Assessing the fodder situation in Co. Kilkenny

By Teagasc Green Acres Calf to Beef Programme advisor Seán Cummins

Although still in July, the winter feeding period – whether we like it or not – is edging closer on many beef farms. Now is the time to ensure an adequate supply of fodder is available on farm for the winter months.

Peter and Thomas O’Hanrahan, participants in the Teagasc Green Acres Calf to Beef Programme and farming on the outskirts of Thomastown, Co. Kilkenny, recently took stock of what silage was available in the yard after completing the harvest of a second cut over the weekend of July 12.

The O’Hanrahans were one of the many that were impacted by the drought in late May and into early June and there was a worry that this may have had some impact on the availability of winter feed supplies.

A number of factors combined to result in forage supplies falling. Firstly, reduced grass growth rates did have an impact on the overall quantity of feed harvested.

As a result of this, first-cut silage crops yielded 3.2t DM/ha (settled pit measure) and the second cut yielded just over 5.5 bales per acre (3.3t DM/ha).

A need to supplement silage at grass also complicated the situation, with 54 bales being exhausted from the winter feed stack between June 12 and the weeks that followed.

As a result of this, and to make sure sufficient silage supplies were present in the yard, Peter has measured the quantity of silage available in both pit (first cut) and bales (second cut) available in the yard and completed a winter fodder budget using Teagasc’s PastureBase Ireland tool.

To complete this process, the length, breadth and height of the silage pit needed to be measured accurately, while the number of silage bales present in the yard needed to be counted.

The next step in the process is to identify what animals will be kept on farm over the winter months, how long will animals be housed and what level of meal supplementation will be required for each individual age bracket / type of animals – be they weanlings, stores or finishing animals.

2019-born Holstein Friesian steers will be housed and finished over the winter months; later-born animals will be turned back out to grass for a third grazing season.

When this exercise was completed for the O’Hanrahans’ farm – using a 120-day winter for the store cattle, 120-day winter for the yearlings and a 100-day finishing period for fattening animals – they have a dry matter (DM) silage requirement of 245t, while just 244t are available in the yard.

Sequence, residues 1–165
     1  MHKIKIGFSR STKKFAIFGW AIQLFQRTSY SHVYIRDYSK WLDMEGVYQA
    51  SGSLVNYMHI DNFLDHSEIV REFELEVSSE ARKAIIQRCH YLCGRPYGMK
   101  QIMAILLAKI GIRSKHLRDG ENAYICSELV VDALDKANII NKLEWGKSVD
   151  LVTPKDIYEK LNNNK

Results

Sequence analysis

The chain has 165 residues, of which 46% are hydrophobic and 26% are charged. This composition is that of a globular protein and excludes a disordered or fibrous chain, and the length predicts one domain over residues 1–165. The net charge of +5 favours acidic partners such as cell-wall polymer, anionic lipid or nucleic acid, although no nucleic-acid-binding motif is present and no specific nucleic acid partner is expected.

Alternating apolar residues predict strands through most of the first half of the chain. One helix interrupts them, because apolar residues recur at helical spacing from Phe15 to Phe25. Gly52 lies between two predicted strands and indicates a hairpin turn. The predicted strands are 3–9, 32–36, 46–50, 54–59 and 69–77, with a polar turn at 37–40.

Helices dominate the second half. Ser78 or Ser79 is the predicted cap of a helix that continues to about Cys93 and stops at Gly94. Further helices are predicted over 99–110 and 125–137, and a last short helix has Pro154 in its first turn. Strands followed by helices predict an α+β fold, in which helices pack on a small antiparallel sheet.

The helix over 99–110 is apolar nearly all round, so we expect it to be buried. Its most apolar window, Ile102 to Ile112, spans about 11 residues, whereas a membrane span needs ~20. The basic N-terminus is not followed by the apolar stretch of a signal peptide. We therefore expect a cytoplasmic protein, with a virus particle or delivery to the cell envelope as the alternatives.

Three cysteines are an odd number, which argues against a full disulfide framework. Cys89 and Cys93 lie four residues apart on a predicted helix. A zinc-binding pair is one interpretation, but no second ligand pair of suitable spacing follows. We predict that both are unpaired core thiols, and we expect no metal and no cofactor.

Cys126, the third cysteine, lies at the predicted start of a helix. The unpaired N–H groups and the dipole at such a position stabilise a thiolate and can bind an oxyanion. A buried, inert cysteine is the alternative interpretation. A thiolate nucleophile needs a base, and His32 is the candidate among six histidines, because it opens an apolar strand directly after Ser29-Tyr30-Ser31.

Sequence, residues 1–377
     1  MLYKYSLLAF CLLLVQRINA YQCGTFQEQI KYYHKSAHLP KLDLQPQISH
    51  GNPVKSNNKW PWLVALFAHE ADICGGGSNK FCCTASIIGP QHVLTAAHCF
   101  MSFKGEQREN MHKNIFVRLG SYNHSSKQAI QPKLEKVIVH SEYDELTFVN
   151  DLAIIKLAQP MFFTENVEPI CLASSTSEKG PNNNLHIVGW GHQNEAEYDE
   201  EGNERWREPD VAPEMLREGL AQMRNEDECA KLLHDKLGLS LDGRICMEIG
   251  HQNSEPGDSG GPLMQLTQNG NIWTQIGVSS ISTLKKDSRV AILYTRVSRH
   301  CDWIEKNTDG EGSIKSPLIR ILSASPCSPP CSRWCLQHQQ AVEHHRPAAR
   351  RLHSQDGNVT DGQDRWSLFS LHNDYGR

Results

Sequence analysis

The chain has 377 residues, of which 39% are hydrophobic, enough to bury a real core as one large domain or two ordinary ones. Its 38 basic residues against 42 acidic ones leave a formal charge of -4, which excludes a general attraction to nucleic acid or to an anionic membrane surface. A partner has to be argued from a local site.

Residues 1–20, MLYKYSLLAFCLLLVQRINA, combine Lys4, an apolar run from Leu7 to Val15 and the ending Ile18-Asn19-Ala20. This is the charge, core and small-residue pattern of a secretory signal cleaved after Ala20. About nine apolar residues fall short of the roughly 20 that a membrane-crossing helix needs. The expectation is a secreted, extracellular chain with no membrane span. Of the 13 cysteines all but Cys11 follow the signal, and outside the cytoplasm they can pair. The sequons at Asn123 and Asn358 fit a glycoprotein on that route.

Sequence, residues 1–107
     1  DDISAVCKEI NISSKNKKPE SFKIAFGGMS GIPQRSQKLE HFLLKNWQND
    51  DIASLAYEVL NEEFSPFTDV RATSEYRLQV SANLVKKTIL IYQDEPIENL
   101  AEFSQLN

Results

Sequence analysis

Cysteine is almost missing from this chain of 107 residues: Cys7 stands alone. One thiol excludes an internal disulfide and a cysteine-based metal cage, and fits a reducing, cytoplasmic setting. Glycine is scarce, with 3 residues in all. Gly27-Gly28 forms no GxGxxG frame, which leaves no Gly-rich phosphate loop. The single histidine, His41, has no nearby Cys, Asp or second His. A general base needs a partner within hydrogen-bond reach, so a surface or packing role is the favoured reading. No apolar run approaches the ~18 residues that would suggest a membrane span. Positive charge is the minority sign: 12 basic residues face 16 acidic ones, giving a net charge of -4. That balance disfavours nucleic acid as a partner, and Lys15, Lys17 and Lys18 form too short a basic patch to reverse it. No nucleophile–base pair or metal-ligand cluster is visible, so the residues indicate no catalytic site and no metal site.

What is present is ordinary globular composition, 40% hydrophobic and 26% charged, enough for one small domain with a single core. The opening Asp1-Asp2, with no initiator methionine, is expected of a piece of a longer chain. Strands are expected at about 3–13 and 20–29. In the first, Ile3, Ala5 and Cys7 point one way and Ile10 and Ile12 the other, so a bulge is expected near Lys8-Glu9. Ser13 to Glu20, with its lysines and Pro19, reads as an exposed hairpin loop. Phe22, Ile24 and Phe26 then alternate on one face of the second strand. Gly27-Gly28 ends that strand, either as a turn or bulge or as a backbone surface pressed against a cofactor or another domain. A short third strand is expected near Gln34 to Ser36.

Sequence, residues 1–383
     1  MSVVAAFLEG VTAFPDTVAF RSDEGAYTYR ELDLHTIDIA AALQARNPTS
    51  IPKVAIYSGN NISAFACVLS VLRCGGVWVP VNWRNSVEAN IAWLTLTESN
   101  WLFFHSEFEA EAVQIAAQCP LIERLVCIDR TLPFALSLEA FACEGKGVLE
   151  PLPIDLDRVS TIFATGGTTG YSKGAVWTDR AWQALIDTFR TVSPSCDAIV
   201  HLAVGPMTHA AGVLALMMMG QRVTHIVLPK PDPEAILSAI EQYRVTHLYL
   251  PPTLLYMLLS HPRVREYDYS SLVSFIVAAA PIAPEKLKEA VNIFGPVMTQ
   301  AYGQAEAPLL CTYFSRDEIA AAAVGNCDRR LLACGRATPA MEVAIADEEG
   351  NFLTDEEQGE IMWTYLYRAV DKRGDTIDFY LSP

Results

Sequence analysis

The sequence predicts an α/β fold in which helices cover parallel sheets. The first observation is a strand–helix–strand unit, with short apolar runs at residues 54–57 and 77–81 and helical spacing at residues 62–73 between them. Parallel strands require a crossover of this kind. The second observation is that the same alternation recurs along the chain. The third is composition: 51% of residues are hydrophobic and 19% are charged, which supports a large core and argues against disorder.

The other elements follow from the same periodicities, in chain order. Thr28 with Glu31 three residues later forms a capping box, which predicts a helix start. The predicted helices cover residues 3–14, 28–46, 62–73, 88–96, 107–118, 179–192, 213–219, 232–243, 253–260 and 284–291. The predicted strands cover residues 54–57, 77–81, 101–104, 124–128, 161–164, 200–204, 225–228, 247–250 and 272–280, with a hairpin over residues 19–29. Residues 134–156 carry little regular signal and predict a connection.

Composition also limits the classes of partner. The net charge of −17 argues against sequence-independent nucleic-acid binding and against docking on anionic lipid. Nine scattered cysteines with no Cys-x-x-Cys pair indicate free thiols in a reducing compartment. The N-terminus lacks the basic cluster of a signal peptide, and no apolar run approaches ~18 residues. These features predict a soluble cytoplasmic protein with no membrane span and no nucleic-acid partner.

This means the farm is one day short of the silage required to see them through the budgeted winter.

In the grand scheme of things, this is a relatively short winter but it’s something the O’Hanrahans have achieved over the last number of years. If conditions allow, stock go out to grass.

Creating a future buffer

Ideally, Peter and Thomas would like to have more silage available in the yard to act as a buffer in the scenario that the winter housing period needs to be extended or a repeat drought of 2020 occurs.

With 28-30 month steers being marketed over the coming weeks and second-cut silage ground coming available for grazing, the farm’s demand per hectare (kg/ha/day) will fall from by 16kg/ha/day or 37%.

This provides an excellent opportunity to continue to take out surplus quality bales between now and when the farm begins to build farm cover to extend the grazing season later in the year.

By keeping a tab on any potential surpluses that may arise, it also allows cattle to be offered ideal grazing covers, which will help boost liveweight gains from now until the housing period, as cattle won’t be asked to munch through covers high in stem.

Ideally, 80-100 bales would need to be taken as surpluses in the coming weeks to act as a buffer in case a repeat of 2020 is on the cards next summer if the housing period needs to be extended.

This silage – all going well – may not be required next winter, but it’s a valuable asset to have in the yard in case another drought occurs in 2021 and, if it’s not used during this period, it’s a valuable head start of having quality silage in the yard for the winter of 2022.

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